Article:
BACKGROUND: From the end of 2019 to now, coronavirus disease 2019 (COVID-19) has put enormous strain on the world's health systems. As a characteristic sign of COVID-19 patient, olfactory dysfunction (OD) poses considerable problems for patients. In China, acupuncture has been widely used to treat OD caused by COVID-19, but there is still a lack of evidence-based medical evaluation. This study was designed to evaluate the effectiveness and safety of acupuncture for the treatment of COVID-19 OD. METHODS: According to the retrieval strategies, randomized controlled trials on the acupuncture for COVID-19 OD were obtained from Cochrane Central Register of Controlled Trials, Embase, PubMed, Web of Science, the Chinese National Knowledge Infrastructure, the Chinese Biomedical Literature Database, the Chinese Scientific Journal Database and the Wanfang Database, regardless of publication date, or language. Studies were screened based on inclusion and exclusion criteria, and the Cochrane risk bias assessment tool was used to evaluate the quality of the studies. The meta-analysis was performed using Review Manager (RevMan 5.3) and STATA 14.2 software. Ultimately, the evidentiary grade for the results will be evaluated. RESULTS: The results of this meta-analysis will be submitted to a peer-reviewed journal for publication. CONCLUSION: This study will provide up-to-date summary proof for evaluating the effectiveness and safety of acupuncture for COVID-19 OD.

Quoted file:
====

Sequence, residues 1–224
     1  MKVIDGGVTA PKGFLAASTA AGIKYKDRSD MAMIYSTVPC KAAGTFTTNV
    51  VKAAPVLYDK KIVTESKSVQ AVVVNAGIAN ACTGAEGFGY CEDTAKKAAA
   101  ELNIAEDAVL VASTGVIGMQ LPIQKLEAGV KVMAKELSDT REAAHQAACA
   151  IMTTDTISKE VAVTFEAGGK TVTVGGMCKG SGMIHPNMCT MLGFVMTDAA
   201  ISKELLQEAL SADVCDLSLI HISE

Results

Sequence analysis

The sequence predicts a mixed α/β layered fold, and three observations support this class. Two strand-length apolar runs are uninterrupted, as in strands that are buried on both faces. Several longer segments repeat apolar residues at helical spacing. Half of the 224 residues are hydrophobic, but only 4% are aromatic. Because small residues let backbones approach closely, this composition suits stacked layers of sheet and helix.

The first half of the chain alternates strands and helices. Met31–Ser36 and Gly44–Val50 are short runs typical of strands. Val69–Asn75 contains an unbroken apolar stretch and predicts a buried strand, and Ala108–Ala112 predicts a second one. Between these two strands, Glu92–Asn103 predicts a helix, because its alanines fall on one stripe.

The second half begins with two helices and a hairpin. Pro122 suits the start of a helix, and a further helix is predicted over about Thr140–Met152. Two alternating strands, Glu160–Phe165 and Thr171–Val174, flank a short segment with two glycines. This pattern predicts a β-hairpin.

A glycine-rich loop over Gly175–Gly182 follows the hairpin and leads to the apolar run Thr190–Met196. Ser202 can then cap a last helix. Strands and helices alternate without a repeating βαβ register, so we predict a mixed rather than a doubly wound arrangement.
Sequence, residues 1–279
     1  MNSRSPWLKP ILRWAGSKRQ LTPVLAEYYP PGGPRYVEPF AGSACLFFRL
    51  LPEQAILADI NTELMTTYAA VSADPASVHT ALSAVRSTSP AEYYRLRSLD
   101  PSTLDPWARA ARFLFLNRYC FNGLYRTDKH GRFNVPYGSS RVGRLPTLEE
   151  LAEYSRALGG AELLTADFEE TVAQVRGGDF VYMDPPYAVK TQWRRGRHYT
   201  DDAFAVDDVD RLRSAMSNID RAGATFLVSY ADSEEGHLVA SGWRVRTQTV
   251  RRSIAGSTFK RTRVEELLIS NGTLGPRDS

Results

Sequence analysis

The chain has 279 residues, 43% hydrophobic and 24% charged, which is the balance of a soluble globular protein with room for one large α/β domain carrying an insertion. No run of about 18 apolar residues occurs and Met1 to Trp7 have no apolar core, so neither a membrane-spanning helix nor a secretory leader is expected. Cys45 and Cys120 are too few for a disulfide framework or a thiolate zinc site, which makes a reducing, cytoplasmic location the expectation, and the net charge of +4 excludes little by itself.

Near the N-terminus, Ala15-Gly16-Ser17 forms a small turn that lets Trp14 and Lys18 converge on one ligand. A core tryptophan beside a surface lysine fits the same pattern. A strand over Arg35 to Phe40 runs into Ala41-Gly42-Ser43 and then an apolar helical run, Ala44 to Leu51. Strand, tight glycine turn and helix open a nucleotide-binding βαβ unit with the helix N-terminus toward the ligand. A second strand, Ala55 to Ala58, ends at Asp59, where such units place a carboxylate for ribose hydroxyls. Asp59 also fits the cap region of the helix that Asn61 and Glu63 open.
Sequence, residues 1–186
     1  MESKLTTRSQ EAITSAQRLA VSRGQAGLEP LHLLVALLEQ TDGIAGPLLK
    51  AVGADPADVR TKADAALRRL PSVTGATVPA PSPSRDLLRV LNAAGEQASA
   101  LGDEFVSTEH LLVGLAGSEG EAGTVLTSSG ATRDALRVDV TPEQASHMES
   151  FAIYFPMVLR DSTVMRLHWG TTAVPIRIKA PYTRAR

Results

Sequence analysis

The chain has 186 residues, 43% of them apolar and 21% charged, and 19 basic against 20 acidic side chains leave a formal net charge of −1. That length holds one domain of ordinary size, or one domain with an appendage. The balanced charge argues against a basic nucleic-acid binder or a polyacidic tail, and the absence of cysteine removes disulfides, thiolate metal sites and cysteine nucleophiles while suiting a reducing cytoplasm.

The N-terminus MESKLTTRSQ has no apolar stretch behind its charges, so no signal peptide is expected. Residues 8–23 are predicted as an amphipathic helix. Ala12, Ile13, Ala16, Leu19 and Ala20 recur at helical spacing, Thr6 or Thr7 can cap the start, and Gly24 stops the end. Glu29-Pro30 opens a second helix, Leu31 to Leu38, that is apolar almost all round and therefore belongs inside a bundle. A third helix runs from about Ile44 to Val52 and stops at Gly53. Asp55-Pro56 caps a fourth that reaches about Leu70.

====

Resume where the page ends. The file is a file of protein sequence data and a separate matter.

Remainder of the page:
Subject(s)
Acupuncture Therapy , COVID-19 , Olfaction Disorders , Acupuncture Therapy/methods , COVID-19/complications , COVID-19/therapy , Disease Progression , Humans , Meta-Analysis as Topic , Research Design , Systematic Reviews as Topic , Treatment Outcome
17.
Medicine (Baltimore) ; 101(38): e30770, 2022 Sep 23.
Article in English | MEDLINE | ID: covidwho-2042661

ABSTRACT

BACKGROUND: Functional dyspepsia (FD) is a group of diseases that cannot be explained after routine clinical examination, and is characterized by postprandial fullness, early satiety, and upper abdominal pain or burning. According to the statistics, FD continues to become one of the high-risk sequelae of coronavirus disease 2019 (COVID-19), affecting patients' quality of life, increasing psychological burden and increasing economic costs. However, its optimal treatment is still an urgent problem. A large number of studies have shown that acupuncture and moxibustion is effective and safe in the treatment of FD caused by sequelae of COVID-19, which is of research value. Therefore, based on the current literatures, the effectiveness and safety of different acupuncture and moxibustion methods were systematically evaluated to provide possible alternative therapy on FD. METHODS: Studies search for eligible randomized controlled trials that use different acupuncture and moxibustion methods as the sole treatment on FD and their data extraction will be done by 2 researchers. In case of disagreement, a third researcher will be introduced for arbitration. Mean difference or relative risk with fixed or random effect model in terms of 95% confidence interval will be adopted for the data synthesis. To evaluate the risk of bias, the Cochrane risk of bias assessment tool will be utilized. The sensitivity or subgroup analysis will also be conducted when meeting high heterogeneity (I2 > 50%). RESULTS: This meta-analysis will provide an authentic synthesis of different acupuncture and moxibustion methods on FD caused by sequelae of COVID-19. CONCLUSION: This meta-analysis will evaluate the effect of acupuncture and moxibustion on FD caused by sequelae of COVID-19, providing evidence as to the treatment in these patients.